Making a Custom Ball for the Logitech M570 Trackball

4 Aug, 2020

Recently, I got very interested in trackballs due to my wrist and shoulder pain issues worsening -- and, of course, the skin-like coating on my two-year-old MX Master 2S starting falling apart. It began as a friend recommended me to try out trackballs during my complaints about wrist pain, after which I quickly went down the rabbit hole and pulled trigger on an entry-level thumb-operated trackball, the Logitech M570. This article is not about how trackballs are somehow better than normal computer mice, but I can't really stress enough how much more comfortable it is after switching to the trackball. Naturally, it quickly replaced the old mouse as my daily drive.

The M570, to me, has a few issues though. The first complaint I had with it was that it has no tilt angle, unlike the MX Ergo, and thus the operating hand can still get a bit uncomfortable after extended period of use. This was solved without a hitch by 3d-printing a pre-made model of a tilted mount for the trackball. I went with the 20-degree version and find it way easier to the wrist after the modification. The second complaint, which is also the theme of this article, is that I want to be able to replace the stock ball, the blue one, which I do not exactly like, with something custom.

The "Magic" of Custom ROMs: Prelude

19 Mar, 2020

I am going to start a blog series on porting custom ROMs for Android devices. This idea comes from recent chats with friends on the topic of choosing new phones to buy and custom ROMs -- that the whole notion of being able to compile an entire operating system from scratch and make it running on a given device seems pretty magic-like to many. Pretty much all of these friends of mine are fairly tech-savvy, and many of them are developers themselves and use Linux as their daily driver OS on their PCs. But when it comes to phones, somehow, running a customized OS begins to sound like magic to them, and most of them just sit around and wait for someone to port a custom ROM to the phone they are using, or alternatively, they check if there is already somebody working on a port before deciding to switch to a new phone.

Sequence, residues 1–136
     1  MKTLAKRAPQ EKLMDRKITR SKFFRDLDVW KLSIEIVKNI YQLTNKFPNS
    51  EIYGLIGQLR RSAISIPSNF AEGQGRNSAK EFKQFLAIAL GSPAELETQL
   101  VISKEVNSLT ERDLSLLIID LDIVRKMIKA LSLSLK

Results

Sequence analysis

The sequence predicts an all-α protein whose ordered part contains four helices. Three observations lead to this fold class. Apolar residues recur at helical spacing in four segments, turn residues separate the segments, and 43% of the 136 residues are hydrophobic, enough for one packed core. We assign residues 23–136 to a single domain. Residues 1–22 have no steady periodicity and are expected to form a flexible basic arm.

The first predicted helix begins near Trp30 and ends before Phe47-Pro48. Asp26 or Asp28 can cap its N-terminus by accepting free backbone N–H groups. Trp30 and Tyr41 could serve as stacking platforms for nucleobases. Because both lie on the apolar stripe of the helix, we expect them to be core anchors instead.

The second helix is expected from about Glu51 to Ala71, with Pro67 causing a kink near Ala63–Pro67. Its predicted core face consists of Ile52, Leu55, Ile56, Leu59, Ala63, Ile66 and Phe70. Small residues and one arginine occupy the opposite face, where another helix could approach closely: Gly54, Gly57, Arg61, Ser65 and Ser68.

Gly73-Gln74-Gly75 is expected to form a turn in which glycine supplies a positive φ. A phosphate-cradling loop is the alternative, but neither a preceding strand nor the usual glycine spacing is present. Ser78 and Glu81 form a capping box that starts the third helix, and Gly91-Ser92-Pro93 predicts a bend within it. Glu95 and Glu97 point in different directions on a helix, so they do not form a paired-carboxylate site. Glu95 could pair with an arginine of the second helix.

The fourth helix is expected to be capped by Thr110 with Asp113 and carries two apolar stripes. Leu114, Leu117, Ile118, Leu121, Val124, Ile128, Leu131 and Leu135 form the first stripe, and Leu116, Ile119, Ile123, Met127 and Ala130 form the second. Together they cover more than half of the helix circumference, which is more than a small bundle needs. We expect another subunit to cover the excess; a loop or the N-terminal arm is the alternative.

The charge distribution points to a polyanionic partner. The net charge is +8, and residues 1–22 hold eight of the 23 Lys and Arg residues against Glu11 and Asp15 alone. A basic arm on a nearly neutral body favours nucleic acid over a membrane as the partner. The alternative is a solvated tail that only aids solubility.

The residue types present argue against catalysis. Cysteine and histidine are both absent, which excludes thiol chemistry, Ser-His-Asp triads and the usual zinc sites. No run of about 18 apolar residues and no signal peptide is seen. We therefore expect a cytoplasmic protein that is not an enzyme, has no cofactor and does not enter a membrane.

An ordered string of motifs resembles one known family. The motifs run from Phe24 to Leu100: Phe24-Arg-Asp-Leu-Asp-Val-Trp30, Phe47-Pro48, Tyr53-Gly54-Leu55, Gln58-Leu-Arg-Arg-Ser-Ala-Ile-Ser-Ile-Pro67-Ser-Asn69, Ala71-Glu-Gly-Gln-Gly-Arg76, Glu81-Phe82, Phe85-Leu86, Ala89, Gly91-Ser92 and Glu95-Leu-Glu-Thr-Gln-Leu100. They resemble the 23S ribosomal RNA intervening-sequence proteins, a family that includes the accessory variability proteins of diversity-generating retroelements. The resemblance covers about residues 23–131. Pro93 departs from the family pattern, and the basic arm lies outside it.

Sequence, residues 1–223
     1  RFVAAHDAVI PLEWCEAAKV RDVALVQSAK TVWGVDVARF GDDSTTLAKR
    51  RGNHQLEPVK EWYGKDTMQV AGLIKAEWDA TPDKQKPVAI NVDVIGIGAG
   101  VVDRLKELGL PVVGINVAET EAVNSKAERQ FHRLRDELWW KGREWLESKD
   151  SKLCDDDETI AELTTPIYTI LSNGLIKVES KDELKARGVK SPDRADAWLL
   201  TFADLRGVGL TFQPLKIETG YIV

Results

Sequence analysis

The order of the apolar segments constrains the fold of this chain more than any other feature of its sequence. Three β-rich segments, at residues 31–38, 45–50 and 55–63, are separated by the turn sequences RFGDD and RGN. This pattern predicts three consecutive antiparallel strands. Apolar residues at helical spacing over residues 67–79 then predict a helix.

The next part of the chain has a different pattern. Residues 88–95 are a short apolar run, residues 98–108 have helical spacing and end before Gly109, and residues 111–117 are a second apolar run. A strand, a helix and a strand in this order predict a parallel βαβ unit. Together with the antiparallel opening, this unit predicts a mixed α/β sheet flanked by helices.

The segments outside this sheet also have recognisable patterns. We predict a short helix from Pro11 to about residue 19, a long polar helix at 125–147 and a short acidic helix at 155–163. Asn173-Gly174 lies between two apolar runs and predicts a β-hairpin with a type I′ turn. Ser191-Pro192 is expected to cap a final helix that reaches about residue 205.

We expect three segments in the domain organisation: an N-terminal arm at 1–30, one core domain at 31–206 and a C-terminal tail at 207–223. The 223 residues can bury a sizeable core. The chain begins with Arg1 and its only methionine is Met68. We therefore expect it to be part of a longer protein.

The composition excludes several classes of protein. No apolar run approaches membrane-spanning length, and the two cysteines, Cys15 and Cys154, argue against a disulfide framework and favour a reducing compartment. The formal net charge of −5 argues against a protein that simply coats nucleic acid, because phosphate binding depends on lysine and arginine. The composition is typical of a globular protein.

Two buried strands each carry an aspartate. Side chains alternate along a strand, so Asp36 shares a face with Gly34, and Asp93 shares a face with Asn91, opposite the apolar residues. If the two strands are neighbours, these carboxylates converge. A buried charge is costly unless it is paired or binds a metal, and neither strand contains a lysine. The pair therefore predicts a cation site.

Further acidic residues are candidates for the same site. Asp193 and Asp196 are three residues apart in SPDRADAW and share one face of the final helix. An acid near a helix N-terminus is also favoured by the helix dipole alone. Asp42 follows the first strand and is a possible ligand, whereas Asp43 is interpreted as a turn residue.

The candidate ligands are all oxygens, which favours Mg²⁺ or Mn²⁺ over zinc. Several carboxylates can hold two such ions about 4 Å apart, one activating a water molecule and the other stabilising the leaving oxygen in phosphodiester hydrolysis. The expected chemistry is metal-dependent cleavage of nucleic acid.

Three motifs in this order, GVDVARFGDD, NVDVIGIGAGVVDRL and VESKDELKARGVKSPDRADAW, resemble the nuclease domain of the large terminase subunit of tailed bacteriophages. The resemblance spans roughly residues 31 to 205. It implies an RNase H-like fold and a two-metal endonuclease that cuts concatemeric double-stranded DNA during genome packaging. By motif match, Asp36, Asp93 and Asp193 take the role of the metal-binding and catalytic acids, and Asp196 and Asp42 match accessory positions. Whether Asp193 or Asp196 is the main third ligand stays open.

To be clear, I am not expecting everybody to learn to make everything on their own. Frankly, working with something like a custom ROM has never been something too enjoyable except for people that like to stare at a terminal window rolling for hours and exclaim when the phone even just lights up the screen with a boot animation, to say the least. However, it seemed to me that people do not refrain from trying just because they do not like the process. Instead, most of them stop trying long before they even get a glance into the actual process itself. They stop because there is not enough guidance on where to begin and how to start their first step into the rabbit hole of custom ROM development.

Standard Notes Sync Protocol, and SFRS, a Rust implementation

24 Feb, 2020

As you may know, I have been a user of Standard Notes for a long time. Since I am a self-hosting nerd, during this whole time I was using a self-hosted server of Standard Notes, using the Go implementation of the Standard File protocol (the former name of the sync protocol of Standard Notes). There is just one slight problem: this implementation seems to be abandoned since mid-2019.

Of course, Standard File (and thus Standard Notes Sync Protocol) is not a particularly complicated protocol that needs maintanence that often, but things have happened since the Go implementation last updated. For example, the whole Standard File name was discarded and the protocol became officially named as the synchronization protocol of Standard Notes. But the protocol itself was later updated too, at least introducing a different conflict resolution algorithm, which the Go implementation did not support and totally relies on backwards-compatibility of the client-side.

Encryption is not Security

15 Jan, 2020

We are not in a time short of products that claim to "encrypt" your personal data with "millitary standards" and thus keeping them safe from leakage or delibrate attacks. This can really work in convincing a lot of non-tech-savvy people and even some with rudimentary computer knowledge about how secure those products are -- until some leakage events happens out of nowhere and everybody gets screwed.

The problem here is that things involving encryption does not necessarily imply security of the particular data you are concerned about. Encryption is a broad term that can be applied to anything that includes some algorithm to prevent part of the population from accessing some data. Anything from simple dictionary-based cipher to modern cryptography all fall into this category, but I am not even talking about the vulerabilities concerning different ciphers here. What I am talking about is the question of which part of the population exactly do you want to block from accessing, in other words, the threat model.

The Zygon War Speech from The Doctor

7 Jan, 2020

(From "The Zygon Inversion", in 9th series of Doctor Who)


"It's not fair."

"Oh it's not fair. Oh I didn't realize that -- it's not fair. You know what, my TARDIS doesn't work properly, and I don't have my personal tailor."

"These things don't equate."

"These things have happened. They are facts. You, just want cruelty to beget cruelty. You are not superior to people who are cruel to you. You are just a whole bunch of new cruel people. A whole bunch of ... you cruel people, being cruel to some other people, who end up being cruel to you. The only way that anyone can live in peace, is if they are prepared to forgive. Why don't you break the cycle?"

"Why should we?"